Training May Curb Some Sports Injuries In Women Female athletes are more prone than their male counterparts to certain injuries — namely knee problems and tears to the ACL. A prevention program has been developed by researchers at the University of Cincinnati to curb these injuries.
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Training May Curb Some Sports Injuries In Women

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Training May Curb Some Sports Injuries In Women

Training May Curb Some Sports Injuries In Women

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STEVE INSKEEP, host:

This is the program that brings you news from around the world, and also news about your life. And on Thursday mornings like this one, your health. This next report takes us to a soccer field near you, where young women players are more prone to injuries than men.

In particular, women have a high rate of serious ligament tears in their knees. Researchers at the University of Cincinnati have come up with a prevention program aimed at keeping girls in the game. NPR's Allison Aubrey reports.

ALLISON AUBREY: If you've ever wondered how it's possible to experience both the thrill of victory and the agony of defeat all in the course of one moment, meet soccer player Katie Landgrebe. A few years ago, she scored the winning goal in a tournament game.

Ms. KATIE LANDGREBE (Student, Soccer Player): I was on a break-away with a keeper, and we were tied one to one.

AUBREY: Just as Katie kicked the ball into the goal, she collided with her opponent, and her femur bone cracked.

Ms. K. LANDGREBE: I, like, fell down, and, like, everyone cheered, and then everyone was, like, oh no. What happened? And so it was pretty disappointing. I think everyone was kind of shocked.

AUBREY: In the course of rehab at the Children's Hospital in Cincinnati, where she lives, Landgrebe started training with some researchers at the university who'd been focused on figuring out exactly why female athletes are more prone to knee injuries. Tim Hewett directs the program.

Mr. TIM HEWETT (Cincinnati Children's Hospital) So we've got about 30 girls training in the room, and what we're doing now is we're doing forward, multiple forward hop-and-hold exercise.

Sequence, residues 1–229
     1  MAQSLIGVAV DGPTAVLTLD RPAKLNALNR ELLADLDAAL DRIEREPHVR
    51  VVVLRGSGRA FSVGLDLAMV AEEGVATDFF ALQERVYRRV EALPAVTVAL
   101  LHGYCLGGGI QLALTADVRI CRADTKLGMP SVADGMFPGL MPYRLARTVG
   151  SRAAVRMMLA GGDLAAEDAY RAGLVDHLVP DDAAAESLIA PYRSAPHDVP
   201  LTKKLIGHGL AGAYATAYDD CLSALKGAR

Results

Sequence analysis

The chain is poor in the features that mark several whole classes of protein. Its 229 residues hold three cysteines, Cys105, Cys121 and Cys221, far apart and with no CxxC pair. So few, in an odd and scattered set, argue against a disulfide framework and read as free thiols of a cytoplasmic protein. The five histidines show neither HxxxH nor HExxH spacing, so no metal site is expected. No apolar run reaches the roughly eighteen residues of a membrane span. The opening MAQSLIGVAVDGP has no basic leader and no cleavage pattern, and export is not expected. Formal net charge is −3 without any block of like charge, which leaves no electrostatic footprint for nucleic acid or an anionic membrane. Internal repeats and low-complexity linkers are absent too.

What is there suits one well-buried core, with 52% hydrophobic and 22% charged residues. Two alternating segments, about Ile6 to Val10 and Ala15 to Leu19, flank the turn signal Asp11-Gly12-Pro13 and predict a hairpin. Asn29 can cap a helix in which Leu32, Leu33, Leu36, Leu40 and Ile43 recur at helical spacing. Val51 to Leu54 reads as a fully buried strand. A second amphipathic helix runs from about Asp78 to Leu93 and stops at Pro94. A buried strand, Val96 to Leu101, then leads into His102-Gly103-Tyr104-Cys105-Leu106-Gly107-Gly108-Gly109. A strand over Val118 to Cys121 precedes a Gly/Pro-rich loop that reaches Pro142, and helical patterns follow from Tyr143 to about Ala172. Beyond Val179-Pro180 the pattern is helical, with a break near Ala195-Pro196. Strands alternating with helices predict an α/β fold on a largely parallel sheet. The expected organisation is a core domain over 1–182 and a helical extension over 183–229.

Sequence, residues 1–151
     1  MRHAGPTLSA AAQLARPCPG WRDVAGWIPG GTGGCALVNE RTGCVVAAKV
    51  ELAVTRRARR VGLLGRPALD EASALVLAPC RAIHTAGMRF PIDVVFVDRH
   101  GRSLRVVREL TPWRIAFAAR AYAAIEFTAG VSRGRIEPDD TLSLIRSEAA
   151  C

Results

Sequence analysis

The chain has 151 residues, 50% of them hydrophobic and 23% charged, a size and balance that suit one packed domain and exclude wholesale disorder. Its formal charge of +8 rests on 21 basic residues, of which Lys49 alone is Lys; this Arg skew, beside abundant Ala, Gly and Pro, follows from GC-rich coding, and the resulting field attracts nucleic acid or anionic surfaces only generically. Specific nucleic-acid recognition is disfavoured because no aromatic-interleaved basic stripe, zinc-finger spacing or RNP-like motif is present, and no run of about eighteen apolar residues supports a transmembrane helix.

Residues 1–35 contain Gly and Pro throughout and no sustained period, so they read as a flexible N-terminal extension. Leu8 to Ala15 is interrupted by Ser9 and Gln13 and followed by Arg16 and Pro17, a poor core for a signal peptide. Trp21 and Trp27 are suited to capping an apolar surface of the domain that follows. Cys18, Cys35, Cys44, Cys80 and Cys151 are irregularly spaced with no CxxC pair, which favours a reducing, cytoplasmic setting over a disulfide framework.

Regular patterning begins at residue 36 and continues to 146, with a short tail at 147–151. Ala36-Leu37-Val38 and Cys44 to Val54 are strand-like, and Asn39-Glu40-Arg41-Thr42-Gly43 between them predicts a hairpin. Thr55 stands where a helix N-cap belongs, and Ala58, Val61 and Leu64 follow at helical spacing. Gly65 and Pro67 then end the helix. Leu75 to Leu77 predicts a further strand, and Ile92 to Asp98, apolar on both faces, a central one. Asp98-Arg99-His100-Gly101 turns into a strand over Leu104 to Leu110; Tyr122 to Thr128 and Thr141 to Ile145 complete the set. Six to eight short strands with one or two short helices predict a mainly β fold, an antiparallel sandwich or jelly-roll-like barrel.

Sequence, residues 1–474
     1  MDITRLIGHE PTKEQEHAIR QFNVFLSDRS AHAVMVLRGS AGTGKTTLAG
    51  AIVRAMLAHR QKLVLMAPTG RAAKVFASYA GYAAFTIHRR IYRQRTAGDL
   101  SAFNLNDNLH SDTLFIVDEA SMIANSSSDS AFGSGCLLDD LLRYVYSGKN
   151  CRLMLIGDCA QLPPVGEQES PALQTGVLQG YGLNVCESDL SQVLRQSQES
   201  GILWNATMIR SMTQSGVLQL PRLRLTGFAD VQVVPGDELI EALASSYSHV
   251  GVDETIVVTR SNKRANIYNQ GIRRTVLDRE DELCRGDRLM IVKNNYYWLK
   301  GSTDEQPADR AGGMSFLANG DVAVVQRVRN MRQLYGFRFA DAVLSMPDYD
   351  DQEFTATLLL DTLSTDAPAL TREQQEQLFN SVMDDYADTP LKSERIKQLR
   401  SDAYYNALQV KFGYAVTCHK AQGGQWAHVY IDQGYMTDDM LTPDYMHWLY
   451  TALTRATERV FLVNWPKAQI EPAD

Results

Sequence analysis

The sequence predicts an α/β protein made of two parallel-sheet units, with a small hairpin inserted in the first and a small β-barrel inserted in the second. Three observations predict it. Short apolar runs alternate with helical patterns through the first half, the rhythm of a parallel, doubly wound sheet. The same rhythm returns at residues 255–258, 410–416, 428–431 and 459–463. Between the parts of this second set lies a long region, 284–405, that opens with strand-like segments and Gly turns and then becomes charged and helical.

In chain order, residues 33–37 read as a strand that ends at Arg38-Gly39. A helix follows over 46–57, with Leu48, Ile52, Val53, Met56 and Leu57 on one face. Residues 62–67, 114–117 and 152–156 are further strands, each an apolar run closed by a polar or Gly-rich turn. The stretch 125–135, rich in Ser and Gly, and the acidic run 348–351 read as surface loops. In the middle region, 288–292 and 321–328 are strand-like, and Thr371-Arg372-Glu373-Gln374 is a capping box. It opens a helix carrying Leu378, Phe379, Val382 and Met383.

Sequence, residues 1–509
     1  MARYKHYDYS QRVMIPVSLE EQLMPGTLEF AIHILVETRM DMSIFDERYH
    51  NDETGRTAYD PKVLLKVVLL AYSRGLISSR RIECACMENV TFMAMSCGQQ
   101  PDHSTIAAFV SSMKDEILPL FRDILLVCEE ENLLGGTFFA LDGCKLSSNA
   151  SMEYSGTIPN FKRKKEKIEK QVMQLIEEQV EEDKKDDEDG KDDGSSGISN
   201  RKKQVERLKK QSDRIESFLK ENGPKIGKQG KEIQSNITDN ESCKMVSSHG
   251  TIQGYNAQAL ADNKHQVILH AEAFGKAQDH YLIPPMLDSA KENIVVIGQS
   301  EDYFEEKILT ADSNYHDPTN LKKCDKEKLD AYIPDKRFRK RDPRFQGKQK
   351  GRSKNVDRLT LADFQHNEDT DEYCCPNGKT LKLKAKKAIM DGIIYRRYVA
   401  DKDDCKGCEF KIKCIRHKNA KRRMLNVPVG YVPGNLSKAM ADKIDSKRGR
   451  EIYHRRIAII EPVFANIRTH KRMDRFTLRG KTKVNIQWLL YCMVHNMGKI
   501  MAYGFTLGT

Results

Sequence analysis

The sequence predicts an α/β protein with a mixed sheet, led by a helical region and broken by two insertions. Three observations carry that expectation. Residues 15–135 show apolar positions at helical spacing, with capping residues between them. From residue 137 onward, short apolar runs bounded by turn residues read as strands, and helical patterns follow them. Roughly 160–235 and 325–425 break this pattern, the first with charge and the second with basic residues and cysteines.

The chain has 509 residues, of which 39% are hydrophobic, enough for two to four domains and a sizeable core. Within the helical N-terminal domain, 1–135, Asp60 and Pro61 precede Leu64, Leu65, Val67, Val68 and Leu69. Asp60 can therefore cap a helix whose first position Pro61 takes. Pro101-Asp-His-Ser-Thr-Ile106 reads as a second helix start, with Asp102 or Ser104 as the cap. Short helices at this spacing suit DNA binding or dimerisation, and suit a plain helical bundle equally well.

AUBREY: As the girls go into deep, one-legged squats, Hewitt explains that just after boys go through puberty, they tend to get a big power burst, as well.

Mr. HEWETT: They get much bigger gluteal muscles, much bigger hamstring muscles.

AUBREY: But with girls, there's not as much of a power spurt, and puberty brings a tendency towards favoring selective muscles.

Mr. HEWETT: Women tend to be very front dominant. They use their quadriceps, those big thick muscles at the front of their thighs. That's how they control their knee joints.

AUBREY: This means that women fully turn on or activate the muscles on the back side, namely the hamstrings and the glutes.

Hewett says on the soccer field or basketball court, this is a problem. First off, the imbalance of muscle use - something Hewett calls a muscle turn-on pattern - ends up putting stress on the ACL.

This is the ligament that runs through the center of the knee joint, linking the upper leg bone with the lower one. Tearing an ACL - which women are up to six times more likely to do - is brutal, and it'll keep you out of sports for six months.

Mr. HEWETT: So these compensatory muscle turn-on patterns actually lead into the injury risk problem.

AUBREY: The good news is that, through training, Hewett says women can learn how to turn on and really activate and strengthen their under-used muscles, but it doesn't happen in one or two sessions.

Katie Landgrebe's mom, Sue Landgrebe, says she nudged for Katie's whole high-school team to get training this year.

Ms. SUE LANDGREBE: Last year, the Madeira soccer team had at least three - at least three, maybe it was four girls go down with ACL tears just in the one season. And that's just uncalled for. That shouldn't happen.

AUBREY: Since all the understanding about gender differences is fairly recent, it's only now that evidence-based prevention programs are being developed. And Hewett says to get the benefit, he's had the Madeira High School girls' soccer team in training eight weeks this summer.

Mr. HEWETT: Okay, nice and deep. Hold, hold, deep hold. Do you feel it turn your hamstrings on? Good.

AUBREY: In order to change the way these girls land, jump and kick on the field, Hewett says they need lots of repetition.

Mr. HEWETT: Basically, ACL injuries don't happen when you have your knee flexed deep. So what we're doing is we're teaching them here to get deep into a flexed position, turn on all the muscles on the back side of their leg, at the same time, controlling, stiffening their core.

AUBREY: The heavy demands of the training match the stepped-up demands these girls face on the field playing competitive soccer. It's still early in the season, but so far, Katie Landgrebe and her team are undefeated and injury free.

Ms. K. LANDGREBE: I'm much stronger and just more ready to play.

AUBREY: The first injury of her soccer career has made her much more aware of how to prevent a more serious one. Now, hopefully, her whole team will benefit. Allison Aubrey, NPR News.

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